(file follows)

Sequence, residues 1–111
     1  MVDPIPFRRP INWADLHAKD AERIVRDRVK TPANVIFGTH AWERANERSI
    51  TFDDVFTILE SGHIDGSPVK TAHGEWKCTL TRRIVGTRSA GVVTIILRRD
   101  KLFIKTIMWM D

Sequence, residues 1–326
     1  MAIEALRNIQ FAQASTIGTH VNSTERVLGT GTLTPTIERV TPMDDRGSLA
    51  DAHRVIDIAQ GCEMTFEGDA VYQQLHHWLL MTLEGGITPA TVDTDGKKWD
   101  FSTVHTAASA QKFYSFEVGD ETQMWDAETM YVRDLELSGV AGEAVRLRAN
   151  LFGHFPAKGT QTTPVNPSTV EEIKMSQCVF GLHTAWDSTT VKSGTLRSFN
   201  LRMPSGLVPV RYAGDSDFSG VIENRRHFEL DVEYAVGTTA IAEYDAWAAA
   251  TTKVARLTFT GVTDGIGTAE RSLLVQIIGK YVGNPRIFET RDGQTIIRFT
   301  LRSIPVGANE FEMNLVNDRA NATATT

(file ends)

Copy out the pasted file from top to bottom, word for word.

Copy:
Sequence, residues 1–111
     1  MVDPIPFRRP INWADLHAKD AERIVRDRVK TPANVIFGTH AWERANERSI
    51  TFDDVFTILE SGHIDGSPVK TAHGEWKCTL TRRIVGTRSA GVVTIILRRD
   101  KLFIKTIMWM D

Sequence, residues 1–326
     1  MAIEALRNIQ FAQASTIGTH VNSTERVLGT GTLTPTIERV TPMDDRGSLA
    51  DAHRVIDIAQ GCEMTFEGDA VYQQLHHWLL MTLEGGITPA TVDTDGKKWD
   101  FSTVHTAASA QKFYSFEVGD ETQMWDAETM YVRDLELSGV AGEAVRLRAN
   151  LFGHFPAKGT QTTPVNPSTV EEIKMSQCVF GLHTAWDSTT VKSGTLRSFN
   201  LRMPSGLVPV RYAGDSDFSG VIENRRHFEL DVEYAVGTTA IAEYDAWAAA
   251  TTKVARLTFT GVTDGIGTAE RSLLVQIIGK YVGNPRIFET RDGQTIIRFT
   301  LRSIPVGANE FEMNLVNDRA NATATT